[OPE-L:1625] Do bears accumulate in the woods?

Alan Freeman (100042.617@compuserve.com)
Thu, 28 Mar 1996 18:57:00 -0800

[ show plain text ]

Gil (1615 of 28/03) writes

"I don't see how this result can be labelled "absurd" without further
specification". This re my 1610 of 28/3 where I wrote:

"The simultaneous paradigm produces the absurd result that [the
capitalists] can accumulate with a rising rate of profit. "

The word 'absurd' might be a bit intemperate or dismissive, but what I
meant was that it is completely contrary to natural common sense.
Every capitalist, every merchant, every banker, every accountant, and
everyone who can do arithmetic knows that if your total profits are
constant and your advanced capital is rising, then your rate of return
falls. And by any normal definition of 'accumulate', your advanced
capital is rising if you are accumulating. What else does the word mean?
We can always redefine 'grow' to mean 'shrink' and 'shrink' to mean
'grow' but then we have a bit of explaining to do.

I admit that some truths contradict natural common sense - this is
what fetishism is all about - but in such cases an extremely careful
argument has to be constructed to show where the error arises. No such
careful argument has been forthcoming. That is what I think absurd.

In particular a very large number of very respectable authors have
for the last fifty years, proclaimed that 'obviously' the rate of profit
must rise because 'obviously' capital stock gets cheaper, and chastise Marx
vociferously for failing to recognise this 'obvious' fact. This, I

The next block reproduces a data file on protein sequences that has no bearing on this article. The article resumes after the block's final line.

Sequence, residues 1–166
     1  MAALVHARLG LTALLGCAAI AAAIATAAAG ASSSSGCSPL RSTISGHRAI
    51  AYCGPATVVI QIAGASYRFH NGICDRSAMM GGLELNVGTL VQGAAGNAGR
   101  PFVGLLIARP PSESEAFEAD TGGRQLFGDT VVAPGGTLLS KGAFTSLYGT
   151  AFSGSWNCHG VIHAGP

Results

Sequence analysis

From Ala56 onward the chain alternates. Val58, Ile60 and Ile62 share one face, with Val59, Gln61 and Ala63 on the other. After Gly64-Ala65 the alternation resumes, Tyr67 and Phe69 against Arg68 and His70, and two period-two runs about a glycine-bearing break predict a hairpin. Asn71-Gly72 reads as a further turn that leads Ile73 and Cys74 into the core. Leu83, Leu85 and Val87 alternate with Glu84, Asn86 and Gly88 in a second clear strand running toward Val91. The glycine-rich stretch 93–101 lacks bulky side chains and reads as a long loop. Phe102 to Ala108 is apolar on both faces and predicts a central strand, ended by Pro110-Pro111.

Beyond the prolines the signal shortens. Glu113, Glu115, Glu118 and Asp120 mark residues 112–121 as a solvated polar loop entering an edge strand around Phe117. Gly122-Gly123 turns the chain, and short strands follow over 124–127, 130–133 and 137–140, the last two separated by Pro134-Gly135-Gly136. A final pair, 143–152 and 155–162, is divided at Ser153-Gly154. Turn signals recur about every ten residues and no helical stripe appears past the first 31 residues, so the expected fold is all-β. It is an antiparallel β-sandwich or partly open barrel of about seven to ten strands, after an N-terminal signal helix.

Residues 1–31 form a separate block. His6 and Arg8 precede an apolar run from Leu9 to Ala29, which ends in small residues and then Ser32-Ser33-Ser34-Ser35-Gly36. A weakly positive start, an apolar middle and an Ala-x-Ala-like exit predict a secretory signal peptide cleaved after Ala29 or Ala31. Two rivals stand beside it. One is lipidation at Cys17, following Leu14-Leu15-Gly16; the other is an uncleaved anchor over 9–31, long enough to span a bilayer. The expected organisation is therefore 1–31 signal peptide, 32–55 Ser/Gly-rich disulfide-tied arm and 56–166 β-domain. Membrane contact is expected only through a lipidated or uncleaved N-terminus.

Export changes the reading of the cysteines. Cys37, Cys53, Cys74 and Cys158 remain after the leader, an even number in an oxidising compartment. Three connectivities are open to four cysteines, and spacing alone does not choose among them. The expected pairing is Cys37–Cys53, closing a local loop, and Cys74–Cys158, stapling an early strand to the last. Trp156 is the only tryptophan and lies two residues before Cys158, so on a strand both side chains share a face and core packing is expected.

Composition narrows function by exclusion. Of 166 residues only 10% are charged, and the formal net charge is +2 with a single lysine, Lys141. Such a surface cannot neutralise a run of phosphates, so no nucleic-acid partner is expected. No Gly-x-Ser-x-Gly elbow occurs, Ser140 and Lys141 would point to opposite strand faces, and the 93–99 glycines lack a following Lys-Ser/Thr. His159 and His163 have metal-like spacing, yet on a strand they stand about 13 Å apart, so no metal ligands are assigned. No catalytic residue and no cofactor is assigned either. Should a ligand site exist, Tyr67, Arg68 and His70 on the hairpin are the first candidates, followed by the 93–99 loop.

think, has to be challenged frontally. It is not at all obvious.

On the contrary, 'obviously' if you add one sum of money to another
sum of money, the new sum of money is bigger. 'Obviously' if you invest,
your capital stock grows. It is the contrary result, the result of the
simultaneist paradigm, which is not obvious. We have to put the correct
end of the telescope to our eyes to see what is clearly before us.

The simultaneist paradigm redefines the meaning of 'accumulate'. It
identifies the accumulation of commodities with the accumulation
collection of 'physical goods', whatever that might mean, and then
explains that the rate of profit cannot move as Marx suggests, because
the stupid Marx failed to understand that a collection of physical
goods can get cheaper even though there are more goods.

I think this is a tortuous, roundabout, upside-down and ultimately
wrong way of getting at what is going on. I think we should cut the
Gordian knot. Accumulation is not the accumulation of use-values but
of exchange-value, that is, money prices. This is what determines the
physical behaviour, not the other way around. Let us start by studying
the money, and then try to understand how the use-value aspect of
production is thus constrained and ultimately determined. This, I
think, is 'Marx's method'.

I think that, in common with every banker, every accountant, and
everyone who can do arithmetic, Marx understood accumulation to mean
the accumulation of exchange value, that is, accumulation in money
terms, with the only proviso that money as the expression of value
must be corrected for inflation (hence the importance of the much-
maligned 'value of money'). In money terms, if the capitalists invest,
then their advanced capital must grow. If you put money in the bank,
your bank balance grows, no? If you use this same money to buy assets,
this raises your gross worth, no? And if you exhaust these assets
slower than you add to them, your gross worth will rise over time, no?
This is what is 'obvious'.

What is not 'obvious' is why the simultaneous analysis comes up with a
completely different result to this very straightforward fact. Yet
simultaneist authors have until now proclaimed as 'obvious' that their
analysis is correct and the facts are wrong. That is why I use the
word 'absurd'. When you come up with a theory that contradicts the
most plain everyday fact, then you should at least contemplate that
something might be wrong with your theory. At least, this is what I
understand by the scientific method.

Gil goes on to say:

"In particular, the notion that a rising rate of profit may coincide
with capital accumulation is neither necessary nor unique to the
simultaneous approach to value determination. Nor can it possibly be,